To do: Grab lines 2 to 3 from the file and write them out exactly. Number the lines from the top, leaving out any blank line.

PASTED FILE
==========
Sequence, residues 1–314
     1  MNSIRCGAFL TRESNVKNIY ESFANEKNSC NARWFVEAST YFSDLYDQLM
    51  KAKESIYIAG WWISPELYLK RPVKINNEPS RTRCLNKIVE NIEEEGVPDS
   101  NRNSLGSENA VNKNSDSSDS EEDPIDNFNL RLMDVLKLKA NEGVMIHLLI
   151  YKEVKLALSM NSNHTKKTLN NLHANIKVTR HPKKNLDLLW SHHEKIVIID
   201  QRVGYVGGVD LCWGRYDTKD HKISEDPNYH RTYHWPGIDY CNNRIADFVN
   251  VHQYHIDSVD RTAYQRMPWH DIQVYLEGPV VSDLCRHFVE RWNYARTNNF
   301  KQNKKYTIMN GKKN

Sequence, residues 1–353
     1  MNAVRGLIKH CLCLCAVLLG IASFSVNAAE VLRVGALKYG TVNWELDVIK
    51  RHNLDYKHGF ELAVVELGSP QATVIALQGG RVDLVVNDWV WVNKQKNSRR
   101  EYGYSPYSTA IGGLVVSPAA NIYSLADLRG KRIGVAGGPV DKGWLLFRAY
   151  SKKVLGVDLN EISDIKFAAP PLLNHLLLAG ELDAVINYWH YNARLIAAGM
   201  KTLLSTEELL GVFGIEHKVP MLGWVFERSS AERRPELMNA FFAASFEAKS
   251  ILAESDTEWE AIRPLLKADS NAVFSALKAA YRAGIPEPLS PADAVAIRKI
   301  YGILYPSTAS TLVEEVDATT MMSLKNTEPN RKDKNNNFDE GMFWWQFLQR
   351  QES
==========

     1  MNSIRCGAFL TRESNVKNIY ESFANEKNSC NARWFVEAST YFSDLYDQLM
    51  KAKESIYIAG WWISPELYLK RPVKINNEPS RTRCLNKIVE NIEEEGVPDS